The thrill of victory/the agony of defeat

This blog published on Sunday, August 7th. My subscribers received it in their in-boxes. (Want to subscribe? Just scroll to the bottom of the page.) And it posted to all of my social media feeds. It posted everywhere, in fact, except on my actual blog. I’ve tried a bunch of other ways to fix this, but nothing’s worked. So I’m left with two options: Pay WordPress $49 to talk to a human being, or repost this under today’s date. Apologies for the double email, subscribers, but I think you’ll agree I made the right choice. — Elaine

 

Who remembers ABC’s Wide World of Sports, with its iconic voiceover? Every episode of the show promised to bring us the stories of athletes and athletics, including “the thrill of victory…and the agony of defeat.”

The tension between those two emotions is part of what makes sports so compelling to us—and that’s why the folks who broadcast the Olympics or other big sporting events spend so much time airing the stories about individual athletes. Hearing their stories gives us even more of an emotional connection to the outcome. Watching them learn, and fail, and try again gets us invested in the competition—gets us rooting for their success.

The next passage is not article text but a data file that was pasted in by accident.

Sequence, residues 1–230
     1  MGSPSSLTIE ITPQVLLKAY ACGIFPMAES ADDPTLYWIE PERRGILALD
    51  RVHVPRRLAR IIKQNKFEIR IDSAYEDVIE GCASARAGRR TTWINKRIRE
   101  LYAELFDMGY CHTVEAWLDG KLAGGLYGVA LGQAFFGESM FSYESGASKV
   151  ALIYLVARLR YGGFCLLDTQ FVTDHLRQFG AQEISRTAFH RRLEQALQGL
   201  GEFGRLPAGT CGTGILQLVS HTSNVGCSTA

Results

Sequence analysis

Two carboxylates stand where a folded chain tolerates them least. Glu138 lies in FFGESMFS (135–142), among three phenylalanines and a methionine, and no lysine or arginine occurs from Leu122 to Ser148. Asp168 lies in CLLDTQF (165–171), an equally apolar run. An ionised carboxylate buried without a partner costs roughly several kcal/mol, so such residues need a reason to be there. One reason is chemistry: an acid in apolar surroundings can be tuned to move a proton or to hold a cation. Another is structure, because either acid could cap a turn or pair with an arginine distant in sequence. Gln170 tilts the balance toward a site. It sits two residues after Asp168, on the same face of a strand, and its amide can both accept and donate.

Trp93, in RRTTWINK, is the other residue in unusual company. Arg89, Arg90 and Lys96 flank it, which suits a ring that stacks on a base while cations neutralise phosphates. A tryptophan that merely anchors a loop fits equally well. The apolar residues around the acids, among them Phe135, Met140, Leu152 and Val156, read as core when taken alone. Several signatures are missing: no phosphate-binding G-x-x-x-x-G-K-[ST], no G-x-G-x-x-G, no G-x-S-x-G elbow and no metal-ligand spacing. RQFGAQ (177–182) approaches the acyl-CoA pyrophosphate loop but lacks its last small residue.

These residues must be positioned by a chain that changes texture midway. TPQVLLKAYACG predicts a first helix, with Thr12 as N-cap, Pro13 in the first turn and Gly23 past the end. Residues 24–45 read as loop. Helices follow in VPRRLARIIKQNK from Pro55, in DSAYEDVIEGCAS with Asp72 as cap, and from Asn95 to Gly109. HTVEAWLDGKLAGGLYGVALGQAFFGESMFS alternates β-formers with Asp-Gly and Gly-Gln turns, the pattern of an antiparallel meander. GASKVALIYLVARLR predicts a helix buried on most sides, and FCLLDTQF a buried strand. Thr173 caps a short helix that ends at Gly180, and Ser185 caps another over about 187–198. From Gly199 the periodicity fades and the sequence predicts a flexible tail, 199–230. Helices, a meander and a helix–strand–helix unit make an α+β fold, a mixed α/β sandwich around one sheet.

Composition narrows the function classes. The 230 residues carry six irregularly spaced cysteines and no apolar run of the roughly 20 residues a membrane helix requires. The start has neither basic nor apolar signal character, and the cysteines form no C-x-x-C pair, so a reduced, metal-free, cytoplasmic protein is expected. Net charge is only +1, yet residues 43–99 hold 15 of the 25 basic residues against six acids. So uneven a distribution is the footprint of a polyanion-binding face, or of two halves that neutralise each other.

So as you’re watching the Olympics and NBC interrupts the competition to show you a feature about the athlete, don’t get annoyed—get interested: What kinds of things do they want you to learn about the competitors? How much time do they spend on “the agony of defeat”—or the struggle of intense workout programs—vs. “the thrill of victory”? How can you apply these techniques to your own storytelling?

Speakers always want to focus on triumphs. I understand that—they’re way more fun to talk about. But triumphs don’t just float down from the heavens; they’re always a product of hard work, trial and error, victory and defeat. Why wouldn’t you want to tell the backstory? It’s what gets your audience invested in your success.

I talk a lot about authenticity. Your “agony of defeat”—or challenge of choices, whatever—is your opportunity to be vulnerable with your audience. At least a little.

Does vulnerability make you uncomfortable? Get over it. If you’re selling a product that requires an emotional response, you’d better learn how to connect emotionally with your listeners. I’m looking at you, non-profit leaders. But emotion also “sells” in the corporate world: when you’re talking about reorganizations, rebranding, your corporate culture and values.

So celebrate the thrill of victory—just like the athletes, you’ve earned it. But don’t forget to embrace “the agony of defeat.”

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